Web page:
Glacier reveals 5,400-year-old Stone Age arrow
The oldest artefact ever found in a Scandinavian snowdrift glacier has researchers abuzz. “We’ve never seen 5,000-year-old objects melt out of the ice before,” says an archaeologist from the Norwegian University of Science and Technology.
One late August day in 2011 Tord Bretten and his sister Line B. Aukrust came home from an extraordinarily successful hunting trip in Dovrefjell, a mountainous area in central Norway. In addition to a reindeer buck, they had three arrows and two bows that had melted out of a glacier.
One of the arrows turned out to be from another reindeer hunt, but the hunt had taken place 5,400 years ago. This is the oldest archaeological find from mountain snowsfields in Scandinavia.
This arrow, and a slightly younger one dating back 5,200 years, are among finds recently discussed in the publication Antiquity by archaeologist Martin Callanan of the Norwegian University of Science and Technology (NTNU).
Never seen before
Discoveries of arrowheads, arrow shafts and fragments of bows and various tools have been made before in snowdrift glaciers in the Oppdal region. But it wasn’t until recently that objects that date back to the Stone Age started emerging.
“The things we find are frozen and we think ice must have been there, if not permanently, at least most of the time. Otherwise the bits of wood and leather we find would not have been preserved,” says Callanan.
“Things are emerging here that are 5,000 years old. We’ve never seen this before.”
“This could indicate that there hasn’t been a comparable melting of the ice in the past 5,000 years,” he says. It could be an indication that something new is happening.
One hypothesis is that global warming is the culprit.
Callanan tells of other signs of large-scale climate changes having an impact on Dovrefjell and the Snøhetta area. Snøhetta is the highest mountain in Dovrefjell. The permafrost is becoming shallower and plants are getting footholds higher up the mountains.
A bank deposit
While exposed wood usually rots and disappears, under the right conditions it can survive for millennia. A snowdrift glacier can preserve such perishables.
Whereas regular glaciers consist of heavy sheets of ice that flow as much as tens of metres per year, snowdrifts that accumulate in a shady spot or depression can accumulate and turn into solid ice over the years that then stays put. This increases the chances of finding intact artefacts, now that warmer conditions are melting these mini-glaciers.
When the ancestors of many of today’s Norwegians hunted reindeer in the mountains they would occasionally miss a target or damage their weapons – losing or discarding them in the snow. Under the right conditions some of these artefacts have been preserved in ice for thousands of years.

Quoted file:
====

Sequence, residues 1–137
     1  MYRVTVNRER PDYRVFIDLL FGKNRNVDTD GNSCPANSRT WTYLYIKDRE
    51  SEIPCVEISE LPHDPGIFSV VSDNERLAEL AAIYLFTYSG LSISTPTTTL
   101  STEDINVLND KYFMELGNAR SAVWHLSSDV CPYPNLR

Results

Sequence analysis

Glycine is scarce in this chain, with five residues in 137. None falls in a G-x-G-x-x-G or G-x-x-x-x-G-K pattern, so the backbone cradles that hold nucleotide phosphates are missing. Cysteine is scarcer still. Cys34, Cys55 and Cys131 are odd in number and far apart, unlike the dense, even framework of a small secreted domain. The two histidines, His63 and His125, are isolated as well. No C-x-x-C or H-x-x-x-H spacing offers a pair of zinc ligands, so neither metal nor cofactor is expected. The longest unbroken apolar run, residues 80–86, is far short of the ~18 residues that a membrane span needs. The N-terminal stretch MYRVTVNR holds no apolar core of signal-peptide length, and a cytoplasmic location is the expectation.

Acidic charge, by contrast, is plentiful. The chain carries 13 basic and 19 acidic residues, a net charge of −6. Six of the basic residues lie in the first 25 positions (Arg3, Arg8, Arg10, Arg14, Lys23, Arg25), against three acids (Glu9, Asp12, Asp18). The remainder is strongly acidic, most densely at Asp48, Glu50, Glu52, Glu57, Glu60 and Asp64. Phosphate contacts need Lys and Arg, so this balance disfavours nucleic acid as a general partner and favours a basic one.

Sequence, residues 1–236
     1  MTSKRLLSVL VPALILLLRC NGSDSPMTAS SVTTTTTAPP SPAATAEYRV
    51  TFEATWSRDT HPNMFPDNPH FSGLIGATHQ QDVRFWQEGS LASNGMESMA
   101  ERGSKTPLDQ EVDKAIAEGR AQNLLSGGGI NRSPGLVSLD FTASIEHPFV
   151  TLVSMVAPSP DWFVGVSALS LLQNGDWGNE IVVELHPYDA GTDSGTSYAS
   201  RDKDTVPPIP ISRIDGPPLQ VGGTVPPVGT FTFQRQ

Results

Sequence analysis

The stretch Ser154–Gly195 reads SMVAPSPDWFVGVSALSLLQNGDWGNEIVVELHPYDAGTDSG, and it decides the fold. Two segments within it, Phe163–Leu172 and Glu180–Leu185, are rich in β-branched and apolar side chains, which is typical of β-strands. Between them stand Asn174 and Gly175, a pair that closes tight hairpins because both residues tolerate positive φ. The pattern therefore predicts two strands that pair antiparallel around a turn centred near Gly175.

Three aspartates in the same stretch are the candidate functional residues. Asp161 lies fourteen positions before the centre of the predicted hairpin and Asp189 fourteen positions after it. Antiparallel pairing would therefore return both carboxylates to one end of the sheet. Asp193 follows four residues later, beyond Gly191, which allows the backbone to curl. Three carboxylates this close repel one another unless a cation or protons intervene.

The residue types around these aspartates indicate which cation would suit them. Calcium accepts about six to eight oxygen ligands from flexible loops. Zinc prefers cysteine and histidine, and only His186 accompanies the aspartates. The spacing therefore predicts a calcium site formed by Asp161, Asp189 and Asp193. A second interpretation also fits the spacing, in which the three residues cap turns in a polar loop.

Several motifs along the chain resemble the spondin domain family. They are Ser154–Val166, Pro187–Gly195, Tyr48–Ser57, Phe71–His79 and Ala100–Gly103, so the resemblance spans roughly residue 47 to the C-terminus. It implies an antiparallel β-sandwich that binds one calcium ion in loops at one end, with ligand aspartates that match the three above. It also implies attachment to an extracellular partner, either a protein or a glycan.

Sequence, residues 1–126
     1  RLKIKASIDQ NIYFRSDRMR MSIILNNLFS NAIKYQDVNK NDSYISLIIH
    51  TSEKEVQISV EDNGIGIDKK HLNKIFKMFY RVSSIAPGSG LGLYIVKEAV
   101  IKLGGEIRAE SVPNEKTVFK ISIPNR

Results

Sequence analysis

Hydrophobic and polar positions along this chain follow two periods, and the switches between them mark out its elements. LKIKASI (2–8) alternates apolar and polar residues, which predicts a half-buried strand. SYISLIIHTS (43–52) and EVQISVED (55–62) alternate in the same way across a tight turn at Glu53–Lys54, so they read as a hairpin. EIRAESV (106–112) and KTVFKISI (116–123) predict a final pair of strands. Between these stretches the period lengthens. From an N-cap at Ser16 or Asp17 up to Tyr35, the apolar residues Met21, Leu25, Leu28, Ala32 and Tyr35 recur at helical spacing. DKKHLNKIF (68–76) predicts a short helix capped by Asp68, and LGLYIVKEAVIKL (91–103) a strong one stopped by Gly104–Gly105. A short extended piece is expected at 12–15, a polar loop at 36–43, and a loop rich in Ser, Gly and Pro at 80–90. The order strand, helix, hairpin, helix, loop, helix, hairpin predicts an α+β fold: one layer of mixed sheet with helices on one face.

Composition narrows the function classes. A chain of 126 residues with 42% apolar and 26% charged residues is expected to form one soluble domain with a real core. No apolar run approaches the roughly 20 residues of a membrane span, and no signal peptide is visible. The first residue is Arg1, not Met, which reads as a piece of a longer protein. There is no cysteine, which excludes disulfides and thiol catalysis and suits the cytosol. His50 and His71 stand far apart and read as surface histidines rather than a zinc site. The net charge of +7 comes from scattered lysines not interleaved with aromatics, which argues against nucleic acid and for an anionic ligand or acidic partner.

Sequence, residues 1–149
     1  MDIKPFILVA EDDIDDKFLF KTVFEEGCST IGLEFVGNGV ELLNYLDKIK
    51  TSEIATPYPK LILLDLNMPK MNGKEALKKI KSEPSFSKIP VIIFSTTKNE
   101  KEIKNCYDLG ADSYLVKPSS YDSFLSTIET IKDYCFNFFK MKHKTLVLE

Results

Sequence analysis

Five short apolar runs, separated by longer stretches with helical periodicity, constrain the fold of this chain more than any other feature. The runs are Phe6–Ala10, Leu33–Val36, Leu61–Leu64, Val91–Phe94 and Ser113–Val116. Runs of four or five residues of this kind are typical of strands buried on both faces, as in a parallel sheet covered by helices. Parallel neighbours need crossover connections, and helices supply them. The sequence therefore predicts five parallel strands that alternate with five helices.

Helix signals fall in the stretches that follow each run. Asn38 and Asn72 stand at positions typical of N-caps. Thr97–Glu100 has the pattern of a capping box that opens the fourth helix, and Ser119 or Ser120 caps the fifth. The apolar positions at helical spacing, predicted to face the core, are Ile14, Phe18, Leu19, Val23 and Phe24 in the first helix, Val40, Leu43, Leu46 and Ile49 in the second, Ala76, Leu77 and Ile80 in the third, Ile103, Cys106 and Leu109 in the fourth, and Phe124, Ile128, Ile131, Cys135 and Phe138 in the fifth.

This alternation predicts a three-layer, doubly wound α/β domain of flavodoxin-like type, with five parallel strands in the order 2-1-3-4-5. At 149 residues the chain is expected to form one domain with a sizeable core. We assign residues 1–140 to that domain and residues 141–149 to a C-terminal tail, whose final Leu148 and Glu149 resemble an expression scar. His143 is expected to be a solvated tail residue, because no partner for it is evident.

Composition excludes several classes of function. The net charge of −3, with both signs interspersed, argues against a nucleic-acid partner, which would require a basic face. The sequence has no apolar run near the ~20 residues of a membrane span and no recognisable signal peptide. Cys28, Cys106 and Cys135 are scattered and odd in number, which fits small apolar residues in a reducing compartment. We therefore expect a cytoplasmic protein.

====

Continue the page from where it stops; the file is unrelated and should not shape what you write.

Just a few years ago archaeologists figured the oldest objects anyone could expect to find in snowdrift glaciers would be about 2,000 years old. But in 2006 they started finding older objects, proving that the patches of ice had been there much longer than anyone had thought.
Glaciologists have started taking core samples of snowdrift glaciers in Norway and elsewhere in the world and have confirmed that they can be much older than previously assumed.
2011 was a record year
Staff from the NTNU University Museum has been hunting for artefacts in snowdrift glaciers for a century. Together with local amateurs such as Tord Bretten who have been trained by the museum in rudimentary archaeology, the museum has been accumulating such artefacts since 1914.
But in the last decade the number of finds has nearly skyrocketed, with 2011 as a peak year with 42 discoveries in the summer season.
“Findings of this magnitude are enough for a whole generation and we received all of them in a single season,” says Callanan. “Each and every one of them is invaluable to us.”
The NTNU University Museum now has 250 such artefacts in its collection. Well over half – 148 – have been found since 2003.
This year’s season has just begun and seven discoveries have been made so far.
Like a punch in the gut
On the last Friday in August, Tord Bretten stopped by the museum with his first find of the season, an arrowhead made from bone. Martin Callanan and his colleagues gathered around to look at the piece of bone, placed on a bed of paper in a little tin. They are keen to find out whether the method used to make it will indicate its age and what type of animal bone was used.
Bretten got interested in finding artefacts in snowdrifts in Oppdal when he was 17 and read an archaeological thesis about the topic. After that it took 17 years before he even made his first discovery.
"It's like getting a punch in the gut," he says of the feeling of finding archaeological treasures in the snow. "It is completely amazing."
Read the Norwegian version of this article at forskning.no
Translated by: Glenn Ostling